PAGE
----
Child Protection Changes in PA

In October 2014, the General Assembly and Gov. Tom Corbett  completed a two-year effort to improve Pennsylvania’s child protection laws, with a series of bills that were officially part of the House and Senate child protection packages and based on recommendations of the Task Force on Child Protection. Two areas that will be of particular interest to churches and ministries are new definitions of mandated reporters and background check requirements for volunteers who work with children and youth programs.

On October 22, Governor Corbett signed into law House Bill 435 (now Act 153 of 2014). The measure, sponsored by Rep. Dan Moul (R-Adams), establishes new background check requirements for individuals who volunteer with children. Volunteers, including volunteers who work with children and youth in churches, will be required to submit a state background check and a child abuse clearance statement to the congregation. If volunteers haven’t lived in Pennsylvania for 10 consecutive years, they will also have to submit a federal background check. Additionally, volunteers and people who work with children in a professional capacity will have to submit updated clearances every three years.

Required background checks include:
1. PA State Police Criminal History Record Information
2. Child Abuse History certified by the department as to whether the person is named as a perpetrator of an indicated or founded child abuse report
3. Federal Criminal History Background Check (with submission of fingerprints). FBI checks will not be required for volunteers if they have been a resident of the Commonwealth for the prior 10 years.

The Patriot News summarizes the new law in Want to Volunteer in a Kid’s Program in Pennsylvania? Prepare for Background Checks. Serious felonies and most types of sex crimes would automatically disqualify volunteers, along with any reports of child abuse or drug law convictions from the previous five years. All clean checks are good for three years, after which they must be renewed.


If you suspect a child may be abused, please call 1-800-932-0313 — Pennsylvania’s state child abuse reporting hotline. If you believe a child is in immediate danger, please call 911 to enlist the assistance of police.  Check here for resources on reporting child abuse from the Center for Children’s Justice and Look Out for Child Abuse, including assistance in filling an online child abuse report form.

Pennsylvania has clarified and expanded its list of who is a mandated reporter in the commonwealth. Read the entire list here. Mandated reporters in the new law include:

6. A clergyman, priest, rabbi, minister, Christian Science practitioner, religious healer or spiritual leader of any regularly established church or other religious organization.
NOTE: Section 6311.1 (b) include the “following protections” (1) “Confidential communications made to a member of the clergy are protected under 42 Pa.C.S. § 5943 (relating to confidential communications to clergymen).

7. An individual paid or unpaid, who, on the basis of the individual’s role as an integral part of a regularly scheduled program, activity or service, accepts responsibility for a child.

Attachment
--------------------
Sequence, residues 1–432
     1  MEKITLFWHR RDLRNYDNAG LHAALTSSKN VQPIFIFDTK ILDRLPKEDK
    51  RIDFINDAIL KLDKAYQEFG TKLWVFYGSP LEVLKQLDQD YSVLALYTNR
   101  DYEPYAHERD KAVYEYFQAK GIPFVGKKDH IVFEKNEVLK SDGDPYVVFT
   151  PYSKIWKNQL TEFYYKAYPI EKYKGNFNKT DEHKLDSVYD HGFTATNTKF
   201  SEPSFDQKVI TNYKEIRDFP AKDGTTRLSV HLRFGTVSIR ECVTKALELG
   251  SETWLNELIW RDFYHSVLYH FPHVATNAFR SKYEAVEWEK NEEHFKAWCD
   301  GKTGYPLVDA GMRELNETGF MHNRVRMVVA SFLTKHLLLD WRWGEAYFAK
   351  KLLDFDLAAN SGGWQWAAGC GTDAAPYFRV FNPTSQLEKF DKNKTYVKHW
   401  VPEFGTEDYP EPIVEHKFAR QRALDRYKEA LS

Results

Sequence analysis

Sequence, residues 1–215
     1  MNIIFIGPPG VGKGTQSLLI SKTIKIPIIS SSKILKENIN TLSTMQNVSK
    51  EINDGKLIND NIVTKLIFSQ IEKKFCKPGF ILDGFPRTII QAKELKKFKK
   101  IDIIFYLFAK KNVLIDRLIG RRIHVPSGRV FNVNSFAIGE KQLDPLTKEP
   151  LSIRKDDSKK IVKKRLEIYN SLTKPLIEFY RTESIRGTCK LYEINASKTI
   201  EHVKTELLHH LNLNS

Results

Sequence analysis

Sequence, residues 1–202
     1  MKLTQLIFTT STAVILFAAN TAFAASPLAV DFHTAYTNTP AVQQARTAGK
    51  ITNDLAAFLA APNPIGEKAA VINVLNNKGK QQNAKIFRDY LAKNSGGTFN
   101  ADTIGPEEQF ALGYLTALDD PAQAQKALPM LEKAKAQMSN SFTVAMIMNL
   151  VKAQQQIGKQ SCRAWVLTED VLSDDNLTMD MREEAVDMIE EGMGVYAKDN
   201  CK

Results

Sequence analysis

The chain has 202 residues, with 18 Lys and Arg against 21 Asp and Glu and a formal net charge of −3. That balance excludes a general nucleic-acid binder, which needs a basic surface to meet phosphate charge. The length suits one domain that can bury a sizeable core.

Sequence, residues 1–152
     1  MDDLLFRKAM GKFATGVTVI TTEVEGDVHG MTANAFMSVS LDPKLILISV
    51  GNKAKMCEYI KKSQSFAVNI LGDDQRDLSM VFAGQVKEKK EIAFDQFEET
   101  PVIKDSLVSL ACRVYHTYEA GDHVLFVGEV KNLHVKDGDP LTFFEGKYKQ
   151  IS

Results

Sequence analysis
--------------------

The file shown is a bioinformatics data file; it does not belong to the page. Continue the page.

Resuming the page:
NOTE: A program, activity or service is defined as the following: A public or private educational, athletic or other pursuit in which children participate. The term includes, but is not limited to, the following:
• A youth camp or program
• A recreational camp or program
• A sports or athletic program
• An outreach program
• An enrichment program
• A troop, club or similar organization

Child Protection Resources:

Department of Human Services Mandated Reporter Childline information
Safe Church Program of Samaritan Counseling
Pennsylvania Family Support Alliance (PFSA) offers training, including the Front Porch Project that helps individuals and communities respond to child abuse.


Recent Comments

  • 03.31.15

    By: john whitford

    This law will generate millions of dollars for the state and do little if anything to protect kids. Few agencies permit one on one interaction between volunteers and kids with one notable exception, Big Brothers/Sisters and ironically, they are exempt from this bill. Many organizations and churches already do background checks through 3rd party agencies so for the most part, these additional checks are redundant. Sadly, this will be an additional excuse for parents and others to opt out of volunteering. Additionally, those individuals responsible for approving the volunteers locally will be required to maintain confidential files on everyone. Some of those individuals may not want to do that. We are talking every youth program, sports, scouts, 4H, YMCA, church groups and so on, with the exception of Big Bro/Sis. I see this bill as a detriment to providing kids with programs that help them grow to be better citizens and that engage them in good activities for personal and physical growth. I have and will continue to contact Rep Moul and my own state reps and senator and if I don’t see positive efforts to improve or correct this bill I will start a letter to the editor campaign. I would encourage others to do the same. I see this more as a ‘tax’ on volunteers than as a protection for kids. Limit this to those with a one on one relationship with children, not on everyone that works with youth programs in general.

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